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 News
3 September 2018 | ITSM
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Blockchain Is Here, What's Your Next Move?
Regulatory uncertainty and trust are barriers to blockchain adoption amongst businesses...

Four in five executives around the world (84%) report having blockchain initiatives underway1, with a quarter of these (25%) having fully live blockchain implementations or pilot projects running. But despite the potential that blockchain holds, regulatory uncertainty and trust remain the biggest barriers to wider business adoption.

New research from PwC – Blockchain is here. What’s your next move? – surveyed 600 executives in 15 territories, including 41 in the UK, on their development of blockchain and views on its potential.

“Businesses tell us that they don’t want to be left behind by blockchain, even if at this early stage of its development, concerns on trust and regulation remain. Blockchain by its very definition should engender trust. But in reality, companies confront trust issues at nearly every turn” said Steve Davies, blockchain leader at PwC.

“Creating and implementing blockchain to maximise its potential is not an IT project. It’s a transformation of business models, roles, and processes. It needs a clear business case and an ecosystem to support it; with rules, standards and flexibility to deal with regulatory change built in.

“A well-designed blockchain doesn’t just cut out intermediaries, it reduces costs and increases speed, reach, transparency and traceability for many business processes. The benefits can be compelling, if organisations understand what their end game is in using the technology, and match that to their design.”
 
Who’s leading the way?

The survey results reflect the early dominance of financial services developments in blockchain with nearly half of respondents (46%) identifying it as being the leading sector in the near term (three to five years). Sectors identified by respondents with emerging potential within the same timeframe include include energy and utilities (14%), healthcare (14%) and industrial manufacturing (12%).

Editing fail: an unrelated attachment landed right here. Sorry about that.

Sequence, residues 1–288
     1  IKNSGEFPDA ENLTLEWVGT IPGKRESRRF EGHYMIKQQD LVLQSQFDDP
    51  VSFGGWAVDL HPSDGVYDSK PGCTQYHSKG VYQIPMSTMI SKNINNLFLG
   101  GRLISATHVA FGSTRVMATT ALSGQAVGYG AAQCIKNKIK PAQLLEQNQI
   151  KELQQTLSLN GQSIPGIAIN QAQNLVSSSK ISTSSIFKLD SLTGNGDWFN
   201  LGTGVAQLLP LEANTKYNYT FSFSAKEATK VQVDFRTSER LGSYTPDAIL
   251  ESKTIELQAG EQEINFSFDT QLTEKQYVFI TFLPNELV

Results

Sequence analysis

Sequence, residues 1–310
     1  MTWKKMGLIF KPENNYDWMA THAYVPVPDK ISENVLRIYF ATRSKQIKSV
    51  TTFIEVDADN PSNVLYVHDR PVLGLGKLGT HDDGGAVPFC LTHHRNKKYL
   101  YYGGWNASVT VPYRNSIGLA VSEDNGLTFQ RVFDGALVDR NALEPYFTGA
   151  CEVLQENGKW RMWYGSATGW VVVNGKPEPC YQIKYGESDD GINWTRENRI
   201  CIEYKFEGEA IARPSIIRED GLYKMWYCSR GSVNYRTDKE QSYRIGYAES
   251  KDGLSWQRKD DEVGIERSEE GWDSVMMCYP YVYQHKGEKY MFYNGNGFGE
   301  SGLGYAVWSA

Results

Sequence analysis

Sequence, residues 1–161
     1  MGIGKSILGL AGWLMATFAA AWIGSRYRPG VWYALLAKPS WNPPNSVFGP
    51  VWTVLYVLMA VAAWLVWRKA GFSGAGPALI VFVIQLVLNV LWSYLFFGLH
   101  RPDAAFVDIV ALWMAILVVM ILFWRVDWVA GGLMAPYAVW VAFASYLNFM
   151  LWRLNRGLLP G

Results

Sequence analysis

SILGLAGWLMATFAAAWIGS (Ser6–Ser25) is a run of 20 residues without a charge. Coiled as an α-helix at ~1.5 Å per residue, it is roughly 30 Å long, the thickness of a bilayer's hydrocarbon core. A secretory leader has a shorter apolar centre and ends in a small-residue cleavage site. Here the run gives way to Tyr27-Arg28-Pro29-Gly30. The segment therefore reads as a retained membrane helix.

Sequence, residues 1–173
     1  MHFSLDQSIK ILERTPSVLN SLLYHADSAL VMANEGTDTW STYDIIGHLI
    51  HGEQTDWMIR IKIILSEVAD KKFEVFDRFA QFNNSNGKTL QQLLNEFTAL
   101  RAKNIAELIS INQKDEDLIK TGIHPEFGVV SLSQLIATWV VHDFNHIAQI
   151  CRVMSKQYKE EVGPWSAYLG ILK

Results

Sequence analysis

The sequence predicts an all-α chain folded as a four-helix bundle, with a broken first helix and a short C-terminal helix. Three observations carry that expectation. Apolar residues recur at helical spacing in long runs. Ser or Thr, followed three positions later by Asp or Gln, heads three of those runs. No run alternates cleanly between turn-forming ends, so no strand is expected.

Looking at leading markets for blockchain developments around the world, the US (29%) and China (18%) are perceived as the most advanced at the moment. However, within three to five years, respondents believe the centre of influence and activity will shift to China (30%), overtaking the US (18%).
 
For organisations looking to take their first steps into exploring blockchain, the study identifies four key areas for focus when developing either internal or industry-wide platforms:

  • Make the business case: Organisations can start small, but need to set out clearly the purpose of the initiative so other participants can identify and align around it.
  • Build an ecosystem: Participants should come together from different companies in an industry to work on a common set of rules to govern blockchains. Of the 15% of survey respondents who already have live applications, 88% were either leaders or active members of a blockchain consortium.
  • Design deliberately around what users can see and do: Partners need rules and standards for access permissions. Involving risk professionals including legal, compliance, cybersecurity – from the start will ensure blockchain frameworks that regulators and users can trust.
  • Navigate regulatory uncertainty: The study warns that blockchain developers should watch but not wait as regulatory requirements will evolve over the coming years. It’s vital to engage with regulators to help shape how the environment evolves.

For additional information on the survey “Blockchain is here, what’s your next move?” click on the link https://pwc.to/2PHYOjS.


Notes

  1. 84% with blockchain initiatives underway includes: 15% live, 10% pilot, 32% development, 20% research, 7% paused. A further 14% had no blockchain involvement yet. Sum does not equal 100 due to rounding
  2. The study examines the views of 600 executives in 15 countries / territories: Australia, China, Denmark, France, Germany, Hong Kong, India, Italy, Japan, Netherlands, Singapore, Sweden, UAE, UK, US
  3. Job titles of those surveyed included C-suite decision makers, VPs, directors, and senior managers.


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